Kashmir and Partition of India
Partition and Accession
Indian leaders exhorted Maharaja to accede to the Dominion of India. As
early as June 1947 Lord Mountbatten had discussions, with the Maharaja
on the issue of accession. The Maharaja, seems to have conveyed to the
Viceroy his desire to remain independent after the British had left. He
had told Maharaja that the British Government would not recognize the State
as a Dominion, and was assured by the Governor General that if he made
up his mind to accede to one of the two Dominions before 15 August, there
would be no trouble. The Maharaja was, however, evasive and avoided to
commit himself to any of the alternatives underlined by the Governor General.
Three days before the
transfer of power, the Maharaja of Kashmir sent telegrams bearing identical
dates, asking for Standstill Agreement on 12 August 1947 to both the Dominions
India and Pakistan  to maintain the normal amenities of life such as
post office, communications and so on. The agreement, as provided in
the Indian Independence Act 1947, would guarantee that till new agreements
were made all existing agreements and administrative arrangements would
continue. Any dispute in regard to this would be settled by arbitration
and "nothing in this agreement includes the exercise of any paramountcy
functions " Pakistan immediately accepted the agreement on 15 August
through a telegraphic communication.. But the Government of India asked
the Prime Minister of Kashmir to fly to Delhi to negotiate the Agreement,
or to send any other authorised Minister for the purpose. The non-acceptance
of the Standstill Agreement  by India immediately aroused suspicion
in the minds of Pakistan and it complained that India's failure to conclude
the agreement was indicative of some plan to effect the accession immediately.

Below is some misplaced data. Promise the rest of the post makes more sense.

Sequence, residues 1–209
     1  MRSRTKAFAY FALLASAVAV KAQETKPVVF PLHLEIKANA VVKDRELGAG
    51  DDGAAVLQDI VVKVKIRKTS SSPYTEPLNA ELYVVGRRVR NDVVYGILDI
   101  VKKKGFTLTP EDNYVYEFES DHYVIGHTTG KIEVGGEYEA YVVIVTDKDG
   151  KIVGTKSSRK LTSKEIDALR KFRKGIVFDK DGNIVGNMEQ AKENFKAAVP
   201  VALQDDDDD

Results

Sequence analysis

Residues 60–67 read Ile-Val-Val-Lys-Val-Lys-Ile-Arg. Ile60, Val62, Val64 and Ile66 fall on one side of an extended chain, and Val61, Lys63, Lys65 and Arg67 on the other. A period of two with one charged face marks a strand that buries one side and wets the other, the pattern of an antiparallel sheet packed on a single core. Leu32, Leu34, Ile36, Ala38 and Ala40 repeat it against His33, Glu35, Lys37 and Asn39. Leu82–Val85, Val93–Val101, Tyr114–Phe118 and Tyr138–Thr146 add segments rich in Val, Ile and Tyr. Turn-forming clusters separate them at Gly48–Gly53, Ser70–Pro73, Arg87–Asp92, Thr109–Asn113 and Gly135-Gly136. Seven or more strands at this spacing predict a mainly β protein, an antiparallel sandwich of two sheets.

Before any Minister could reach Delhi, the Pakistan sponsored tribal invasion
had altered the situation altogether.
The tribal invasion
by Pakistan on Kashmir was as indication of the fact that it wanted to
annex Kashmir by force. Its contention that India wanted accession and
therefore did not sign Standstill Agreement, is untenable. If it would
have been her intention, she should have concluded the Standstill Agreement
posthaste as a prelude to accession proper. Pakistan thought that by entering
into an agreement it might persuade Jammu & Kashmir State to accede to it, but totally forgot that " Standstill Agreement " was purely provisional,
facilitating the continued inflow of existing traffic and goods pending
final accession: Whereas India waited, Pakistan signed the agreement
but felt dissatified, when it came to know that "Standstill Agreement"
meant the continuation of existing arrangement.
On 4 September, the
British Chief of Staff of Jammu and Kashmir State Forces submitted a report
to the State Government that on 2 and 3 September armed Muslim residents, mainly
of Rawalpandi district in Pakistan had infiltrated into the State on
receipt of this report the Prime Minister of Kashmir sent a prompt telegram
to the Chief Minister of West Punjab on 4 September requesting him to take
prompt action. The Deputy Commissioner of Rawalpandi replied to this note
on behalf of the Chief Minister, West Punjab denying that the raiders had
moved into Kashmir. "No infiltration has been seen by any of my officers
or village officials anywhere at various points. I do not expect any trouble
of any kind."  On 9 September, 1947, the Kashmir Government in a further
communication, this time to the Deputy Commissioner, Rawalpindi, repeated
the charges, urging immediate action. Many more telegrams were exchanged,
but Pakistan denied knowledge of any invasion; it suggested negotiations
between the representatives of Jammu and Kashmir and Pakistan . The
Kashmir Government reiterated its demand that infiltration should stop
before any discussions could begin. The Prime Minister repeated "shall
gladly discuss matters when this trouble is controlled. But it did
not change the attitude of Pakistan, and ultimately the Government of Kashmir
conveyed to Pakistan that if raids were not stopped and blockade of essential commodities
lifted immediately it would be left with no alternative but
to seek help from others to protect the life and the property of his
subjects. This made Pakistan suspect that it might ask for assistance from
India and accede to the Indian Dominion. On 19 October the Foreign Minister
of Pakistan wrote to Prime Minister of Kashmir, "We are astonished to hear
your threat to ask for assistance. Presumably meaning thereby assistance
from an outside power. The only object of this intervention by an outside
power secured by you would be to complete the process of suppressing the
Muslims to enable you to join the Indian Dominion. Qaid-i-Azam Jinnah,
Governor- General of Pakistan reiterated the same. It appears that